New Zealand’s tourism minister has again expressed his aversion to budget travellers, saying the country will not seek to attract those who “travel around our country on $10 a day eating two-minute noodles”.
Stuart Nash said the country would unashamedly continue to focus on “high quality” big spenders, despite one expert saying such visitors typically had a much higher environmental footprint and didn’t necessarily contribute more to the economy.
At an announcement on last Wednesday about plans to bolster the tourism workforce as the country’s borders reopened, Nash said the country would continue to focus on “big spender” visitors. “In terms of targeting our marketing spin, it is unashamedly going to be at … high-quality tourists,” he said.
"We are going to welcome backpackers … [but] we are not going to target the people who put on Facebook how they can travel around our country on $10 a day eating two-minute noodles.”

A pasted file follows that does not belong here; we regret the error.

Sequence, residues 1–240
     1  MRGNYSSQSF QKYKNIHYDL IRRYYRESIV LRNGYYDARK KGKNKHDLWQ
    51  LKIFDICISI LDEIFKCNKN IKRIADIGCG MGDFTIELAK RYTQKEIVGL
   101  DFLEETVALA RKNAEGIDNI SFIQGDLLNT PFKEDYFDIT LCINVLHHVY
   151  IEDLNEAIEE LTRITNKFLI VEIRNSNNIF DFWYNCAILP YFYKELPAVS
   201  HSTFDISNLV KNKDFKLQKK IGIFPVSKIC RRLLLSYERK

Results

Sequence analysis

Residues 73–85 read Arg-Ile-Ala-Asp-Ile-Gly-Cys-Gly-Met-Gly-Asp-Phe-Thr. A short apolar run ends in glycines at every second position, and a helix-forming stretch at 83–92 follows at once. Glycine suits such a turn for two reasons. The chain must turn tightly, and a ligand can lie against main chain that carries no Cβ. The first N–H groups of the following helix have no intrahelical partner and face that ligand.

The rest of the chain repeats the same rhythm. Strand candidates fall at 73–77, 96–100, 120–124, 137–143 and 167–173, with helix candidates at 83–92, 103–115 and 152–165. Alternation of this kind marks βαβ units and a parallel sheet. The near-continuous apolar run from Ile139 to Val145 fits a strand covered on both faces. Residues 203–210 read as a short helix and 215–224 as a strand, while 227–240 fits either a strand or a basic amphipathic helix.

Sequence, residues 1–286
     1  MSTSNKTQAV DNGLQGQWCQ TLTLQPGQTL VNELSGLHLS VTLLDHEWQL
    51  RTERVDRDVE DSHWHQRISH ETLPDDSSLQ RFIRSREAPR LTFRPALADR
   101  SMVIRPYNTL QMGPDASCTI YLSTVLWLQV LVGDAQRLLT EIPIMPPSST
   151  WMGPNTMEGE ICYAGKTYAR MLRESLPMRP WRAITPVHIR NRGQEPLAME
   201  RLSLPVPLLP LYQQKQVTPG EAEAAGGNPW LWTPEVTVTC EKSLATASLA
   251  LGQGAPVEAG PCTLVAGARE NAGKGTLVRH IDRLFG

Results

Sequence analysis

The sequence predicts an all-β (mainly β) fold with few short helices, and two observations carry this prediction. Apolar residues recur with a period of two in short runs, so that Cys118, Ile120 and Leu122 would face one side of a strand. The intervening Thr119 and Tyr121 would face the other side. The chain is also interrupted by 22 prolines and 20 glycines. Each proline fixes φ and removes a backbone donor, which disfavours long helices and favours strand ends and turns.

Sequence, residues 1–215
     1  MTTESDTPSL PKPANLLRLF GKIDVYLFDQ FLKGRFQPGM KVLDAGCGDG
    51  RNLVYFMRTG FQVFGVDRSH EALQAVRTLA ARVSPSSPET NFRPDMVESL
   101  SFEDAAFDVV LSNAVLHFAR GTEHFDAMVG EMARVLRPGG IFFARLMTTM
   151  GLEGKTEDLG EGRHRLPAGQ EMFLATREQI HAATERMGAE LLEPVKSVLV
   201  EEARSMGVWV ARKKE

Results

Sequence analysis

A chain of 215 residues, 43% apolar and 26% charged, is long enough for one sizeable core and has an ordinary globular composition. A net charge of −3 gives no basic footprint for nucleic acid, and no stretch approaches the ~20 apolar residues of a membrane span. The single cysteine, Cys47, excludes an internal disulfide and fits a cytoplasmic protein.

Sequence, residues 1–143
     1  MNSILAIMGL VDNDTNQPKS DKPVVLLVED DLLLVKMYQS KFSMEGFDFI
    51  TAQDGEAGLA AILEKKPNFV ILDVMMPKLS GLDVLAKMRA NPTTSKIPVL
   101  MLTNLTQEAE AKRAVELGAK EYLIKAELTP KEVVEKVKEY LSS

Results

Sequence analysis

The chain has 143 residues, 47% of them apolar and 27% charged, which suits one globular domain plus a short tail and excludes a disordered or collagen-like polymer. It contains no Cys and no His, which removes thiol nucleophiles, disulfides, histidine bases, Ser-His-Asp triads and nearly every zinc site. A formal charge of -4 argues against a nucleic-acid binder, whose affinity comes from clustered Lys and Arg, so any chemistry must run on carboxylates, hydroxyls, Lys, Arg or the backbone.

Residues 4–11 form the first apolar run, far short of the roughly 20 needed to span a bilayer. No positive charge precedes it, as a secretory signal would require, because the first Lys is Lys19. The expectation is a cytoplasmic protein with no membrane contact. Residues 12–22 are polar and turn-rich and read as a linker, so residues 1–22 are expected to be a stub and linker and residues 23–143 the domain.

While the minister has said backpackers and lower-budget visitors were still welcome in New Zealand, his focus on rich tourists has been controversial in the past.
In 2020, Nash said the country would “unashamedly” target the super wealthy, and seek to attract the kind of tourist who “flies business class or premium economy, hires a helicopter, does a tour round Franz Josef and then eats at a high-end restaurant”. The proposals attracted some heat, with one commentator calling them “snobby, elitist and out of touch.”